The massive storms and flash floods that occurred over the weekend in Ellicott City were devasting, leaving a significant trail of damage. This, many citizens of the area, business owners, and fellow Marylanders know all too well. To make matters worse, the flood prior to this past weekend was less than two years ago and still fresh in everyone’s minds. Occurring on July 30, 2016, and causing millions in damages, that experience was barely in the rearview mirror. Sadly, the tragic weather events also claimed the life of 39-year-old National Guardsman and Air Force veteran Sgt. Eddison “Eddie” A. Hermond.
To assist Ellicott City-area businesses affected by Memorial Day weekend’s damaging storm and large-scale flooding after the nearly ten inches of rain, Comptroller Peter Franchot has announced a six-month extension for Howard County business tax returns due and has also established a special flood assistance email address.
“During this time of terrible loss, this is one thing we can do to ease the burden on business owners who are just beginning to assess the damage and consider next steps,” stated Comptroller Franchot.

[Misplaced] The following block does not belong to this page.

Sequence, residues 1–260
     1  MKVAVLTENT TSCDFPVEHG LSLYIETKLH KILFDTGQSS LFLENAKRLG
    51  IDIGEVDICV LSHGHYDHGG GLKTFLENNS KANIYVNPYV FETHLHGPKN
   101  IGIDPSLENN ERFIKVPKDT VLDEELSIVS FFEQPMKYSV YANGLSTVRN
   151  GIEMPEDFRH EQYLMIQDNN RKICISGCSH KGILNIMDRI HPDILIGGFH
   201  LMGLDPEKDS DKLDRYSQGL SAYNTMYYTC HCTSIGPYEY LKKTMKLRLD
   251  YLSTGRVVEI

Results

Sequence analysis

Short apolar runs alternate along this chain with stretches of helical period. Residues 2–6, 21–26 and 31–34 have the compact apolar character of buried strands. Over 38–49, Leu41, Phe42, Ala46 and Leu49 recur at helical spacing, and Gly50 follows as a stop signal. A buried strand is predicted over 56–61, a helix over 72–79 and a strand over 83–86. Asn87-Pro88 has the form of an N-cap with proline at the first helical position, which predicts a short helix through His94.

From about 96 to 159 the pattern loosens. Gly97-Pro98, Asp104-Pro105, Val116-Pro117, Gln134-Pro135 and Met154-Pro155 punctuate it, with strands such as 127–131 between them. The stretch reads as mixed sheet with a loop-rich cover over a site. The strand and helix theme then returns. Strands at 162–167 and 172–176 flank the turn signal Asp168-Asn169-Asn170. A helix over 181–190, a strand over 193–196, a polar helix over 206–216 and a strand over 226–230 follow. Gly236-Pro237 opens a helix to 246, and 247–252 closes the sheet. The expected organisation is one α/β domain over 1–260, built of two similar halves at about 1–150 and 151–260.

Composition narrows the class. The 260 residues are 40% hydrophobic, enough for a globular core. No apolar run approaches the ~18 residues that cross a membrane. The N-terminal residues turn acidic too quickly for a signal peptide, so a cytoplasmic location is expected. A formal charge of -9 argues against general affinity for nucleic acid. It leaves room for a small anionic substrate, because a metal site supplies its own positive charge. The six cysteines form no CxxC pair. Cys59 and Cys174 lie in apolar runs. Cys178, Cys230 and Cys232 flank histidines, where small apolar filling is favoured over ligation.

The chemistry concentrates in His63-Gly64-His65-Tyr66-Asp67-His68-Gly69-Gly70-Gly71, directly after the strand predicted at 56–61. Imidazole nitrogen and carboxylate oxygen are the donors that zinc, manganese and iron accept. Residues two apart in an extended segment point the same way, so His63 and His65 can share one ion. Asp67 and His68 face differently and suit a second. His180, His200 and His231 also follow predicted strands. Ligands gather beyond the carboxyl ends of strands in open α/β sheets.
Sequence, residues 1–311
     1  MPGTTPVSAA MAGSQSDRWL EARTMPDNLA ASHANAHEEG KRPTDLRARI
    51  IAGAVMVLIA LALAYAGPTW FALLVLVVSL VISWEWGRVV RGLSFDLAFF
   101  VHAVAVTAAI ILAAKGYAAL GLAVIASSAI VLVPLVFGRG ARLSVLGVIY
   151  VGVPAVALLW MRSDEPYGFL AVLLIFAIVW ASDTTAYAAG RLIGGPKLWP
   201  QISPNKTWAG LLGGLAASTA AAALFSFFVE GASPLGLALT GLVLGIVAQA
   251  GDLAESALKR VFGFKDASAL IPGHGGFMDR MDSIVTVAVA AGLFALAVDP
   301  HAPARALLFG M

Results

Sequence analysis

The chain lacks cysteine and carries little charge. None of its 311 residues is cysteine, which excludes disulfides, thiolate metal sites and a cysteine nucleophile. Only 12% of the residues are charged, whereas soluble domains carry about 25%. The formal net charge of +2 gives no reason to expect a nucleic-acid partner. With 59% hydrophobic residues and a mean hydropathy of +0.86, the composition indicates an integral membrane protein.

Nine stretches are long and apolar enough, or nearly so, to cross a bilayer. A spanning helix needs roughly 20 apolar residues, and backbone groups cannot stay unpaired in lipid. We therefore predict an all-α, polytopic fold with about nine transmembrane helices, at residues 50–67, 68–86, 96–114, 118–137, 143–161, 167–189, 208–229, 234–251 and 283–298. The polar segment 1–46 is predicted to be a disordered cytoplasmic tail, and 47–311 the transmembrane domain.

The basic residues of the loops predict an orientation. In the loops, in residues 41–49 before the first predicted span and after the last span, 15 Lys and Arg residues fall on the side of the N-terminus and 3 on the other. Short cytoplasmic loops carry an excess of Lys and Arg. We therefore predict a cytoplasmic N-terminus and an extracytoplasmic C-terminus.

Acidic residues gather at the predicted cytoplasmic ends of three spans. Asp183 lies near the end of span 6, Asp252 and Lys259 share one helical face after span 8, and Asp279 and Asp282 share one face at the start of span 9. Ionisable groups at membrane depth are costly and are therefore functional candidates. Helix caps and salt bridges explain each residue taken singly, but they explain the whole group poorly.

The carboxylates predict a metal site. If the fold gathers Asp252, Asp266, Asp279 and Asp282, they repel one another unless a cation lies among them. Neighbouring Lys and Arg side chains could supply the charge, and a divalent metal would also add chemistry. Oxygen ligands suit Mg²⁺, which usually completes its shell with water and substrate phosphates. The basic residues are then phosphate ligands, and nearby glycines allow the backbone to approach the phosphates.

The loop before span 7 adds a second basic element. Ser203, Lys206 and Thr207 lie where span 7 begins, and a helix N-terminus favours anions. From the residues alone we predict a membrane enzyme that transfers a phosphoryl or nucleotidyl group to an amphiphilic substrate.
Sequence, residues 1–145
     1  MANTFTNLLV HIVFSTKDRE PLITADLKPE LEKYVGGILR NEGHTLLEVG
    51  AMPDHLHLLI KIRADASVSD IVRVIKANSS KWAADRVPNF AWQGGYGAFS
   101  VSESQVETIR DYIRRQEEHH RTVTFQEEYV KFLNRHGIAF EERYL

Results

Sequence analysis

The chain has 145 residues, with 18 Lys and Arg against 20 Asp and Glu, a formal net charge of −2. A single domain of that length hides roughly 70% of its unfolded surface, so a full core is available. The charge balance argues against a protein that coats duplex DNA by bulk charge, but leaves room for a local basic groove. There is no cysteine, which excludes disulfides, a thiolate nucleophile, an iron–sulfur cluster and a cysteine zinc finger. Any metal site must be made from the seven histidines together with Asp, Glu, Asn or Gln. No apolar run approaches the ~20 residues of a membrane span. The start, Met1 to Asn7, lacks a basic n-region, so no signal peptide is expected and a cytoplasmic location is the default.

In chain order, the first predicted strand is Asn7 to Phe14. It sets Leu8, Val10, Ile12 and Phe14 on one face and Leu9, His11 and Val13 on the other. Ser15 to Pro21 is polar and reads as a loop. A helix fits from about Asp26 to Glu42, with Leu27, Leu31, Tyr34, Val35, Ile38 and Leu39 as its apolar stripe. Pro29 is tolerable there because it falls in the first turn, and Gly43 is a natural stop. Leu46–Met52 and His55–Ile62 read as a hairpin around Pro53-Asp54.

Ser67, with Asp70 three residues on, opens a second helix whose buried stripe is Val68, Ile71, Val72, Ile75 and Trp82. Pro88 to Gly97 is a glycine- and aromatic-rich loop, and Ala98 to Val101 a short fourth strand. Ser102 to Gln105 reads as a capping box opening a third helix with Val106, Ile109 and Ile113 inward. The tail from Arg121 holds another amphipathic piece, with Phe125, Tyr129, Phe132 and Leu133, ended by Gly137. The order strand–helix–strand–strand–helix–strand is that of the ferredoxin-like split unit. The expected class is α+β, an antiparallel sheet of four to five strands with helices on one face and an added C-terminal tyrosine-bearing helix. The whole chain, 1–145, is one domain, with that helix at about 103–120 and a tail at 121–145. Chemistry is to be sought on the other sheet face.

The extension includes Sales & Use Tax, Withholding Tax and Admissions & Amusement Tax. Taxpayers who file and pay by the extended due date will receive a waiver of interest and penalties. The Sales and Use Tax vendor discount will apply as long as the returns are filed and the taxes are remitted by December 31, 2018.
The agency has set up a special flood assistance email address –firstname.lastname@example.org – to more quickly assist local businesses. For businesses in Catonsville and Oella affected by storm damage or flooding, owners should call the Comptroller’s Ombudsman Karen Scheerer or her assistant Sergio Hernandez at 410-260-4020 or email email@example.com.
For other inquiries, businesses may call 410-260-7980 (from Central Maryland) or 1-800-638-2937 or email the Comptroller’s Office at firstname.lastname@example.org.
For more on how you can help and how you can get help, click here.
“There’s no such thing as a 100-year flood.”–Andrew Cuomo